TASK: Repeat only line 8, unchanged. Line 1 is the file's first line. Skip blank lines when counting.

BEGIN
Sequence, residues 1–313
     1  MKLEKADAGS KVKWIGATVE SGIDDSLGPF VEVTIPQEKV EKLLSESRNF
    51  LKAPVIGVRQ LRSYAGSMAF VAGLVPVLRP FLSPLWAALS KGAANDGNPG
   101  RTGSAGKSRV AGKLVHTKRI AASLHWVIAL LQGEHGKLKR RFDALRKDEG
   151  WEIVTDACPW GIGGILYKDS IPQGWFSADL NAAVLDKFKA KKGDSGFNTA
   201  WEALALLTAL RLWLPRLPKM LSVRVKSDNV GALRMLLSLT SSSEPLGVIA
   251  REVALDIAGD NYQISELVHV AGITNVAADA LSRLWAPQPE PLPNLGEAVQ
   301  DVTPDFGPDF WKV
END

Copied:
   301  DVTPDFGPDF WKV